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The Little Book of CHI

Modern science concentrates its efforts on treating the body as if it were a mechanical device that can be fixed or serviced like any other machine. But, in so doing, has a great deal, that is otherwise in plain sight, been ignored or downplayed in favour of fixing symptoms and not aiming to really fix, or even look at, fixing the whole mechanism?

The human body and how it functions can be compared with a jig-saw puzzle, containing many complex shapes that need to be fitted together properly in order to see the whole picture. Science, though, prefers to specialise on specific zones, or if you like, set each specialist to examine a single piece of the puzzle. The end result is that we are able to discover a lot about each piece, but still have little idea about how it comes together with all the other pieces.

An alternative to this methodology is to start from a completely different angle, and that would be to look at how the whole mechanism functions and then work out where the individual pieces go, and for this, instead of looking at the body as a multiplicity of separate parts, we should, instead, look at the patterns that governed its evolution. Taking this angle first of all disposes of the assumption that the body is a machine. Instead the body becomes a pattern, formed from a common source, and therefore a part of everything in which it lives. This shifts the 'local' starting point away from the physical body and expands it to looking at the planet and its evolution, because the pattern for our development lies in how the planet, the solar system, the galaxy and the universe is formed. We are indeed made from stars, but just limiting ourselves to the 'local' territory for now should provide sufficient clues to the big picture. When we choose to view ourselves from this perspective one single word screams out louder than all the others. That word is 'balance'.

First, let's take a step back.

Our planet, Earth, is a balance between three basic elements - earth, water and air. From the vacuum of space our atmosphere is held in place through a balance of forces moderated by such factors as gravity. If this wasn't the case our atmosphere would have leaked out into space and life, as we know it, would never have started. However, it doesn't. Instead a balance point is maintained that enables our planet to keep its biosphere and for life to thrive.

The water on our planet too, is essential for life and is held in place by a balance that incorporates centrifugal forces caused by planetary spin, coupled with gravitational forces exerted both by our planet and external factors like the moon. The combination of these forces cause our weather patterns, along with tidal currents; the differing temperatures between the poles and the equator move our ocean waters in a constant cycle of movement that transports materials around the whole planet. A circulation system.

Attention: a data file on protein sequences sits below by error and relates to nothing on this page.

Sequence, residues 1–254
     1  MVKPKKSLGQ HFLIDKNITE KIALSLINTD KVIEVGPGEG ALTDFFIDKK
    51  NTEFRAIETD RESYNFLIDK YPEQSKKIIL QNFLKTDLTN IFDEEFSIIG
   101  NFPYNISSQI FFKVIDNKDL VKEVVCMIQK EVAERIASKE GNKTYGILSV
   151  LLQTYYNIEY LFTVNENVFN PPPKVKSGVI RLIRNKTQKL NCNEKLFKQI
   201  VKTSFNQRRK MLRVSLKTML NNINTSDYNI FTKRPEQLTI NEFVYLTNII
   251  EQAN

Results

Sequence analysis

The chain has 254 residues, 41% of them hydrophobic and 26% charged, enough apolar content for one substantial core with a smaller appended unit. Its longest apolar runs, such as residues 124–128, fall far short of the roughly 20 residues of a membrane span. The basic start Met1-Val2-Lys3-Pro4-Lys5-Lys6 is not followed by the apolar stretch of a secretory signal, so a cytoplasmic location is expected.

Inside our planet we have a gigantic, magnetic iron core, that is fluid and moves around. We live in a solar system where our star emits tremendous amounts of energy and harmful radiation, kept at bay by our planet's magnetic field. The sun's energy could be described as a power source and its transmission medium, delivered in light and a solar wind, (electromagnetism) can best be described as a form of electricity.

Our home planet, that gave life to us, is a self-organising system consisting of three essential parts; a material centre-point, a water based fluid body mechanism, and a skin of atmosphere between it and the outside universe. It also has a magnetic field or 'aura' that protects its surface from another local self-organising energy system - the sun.

Ability of a system to spontaneously arrange its components or elements in a purposeful (non-random) manner, under appropriate conditions but without the help of an external agency. It is as if the system knows how to 'do its own thing.' Many natural systems such as cells, chemical compounds, galaxies, organisms and planets show this property. Animal and human communities too display self organization: in every group a member emerges as the leader (who establishes order and rules) and everybody else follows him or her, usually willingly.]

Our planet is a self-organising system that can be said to 'live' in its own right and in turn, supports other life forms on its surface and in its waters. We are a child of that system, therefore it is logical to assume that the system that created life here on Earth would have fostered life that follows the same natural patterns of its own formation. In other words, we are microcosms of the planet, made from the same material and formed from the same pattern.

Where do metals fit into the pattern; which metals are essential for human health; what role might these metals play and; how might they interact with other metals in a different state?

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© 2014 - Herman Mittelholzer -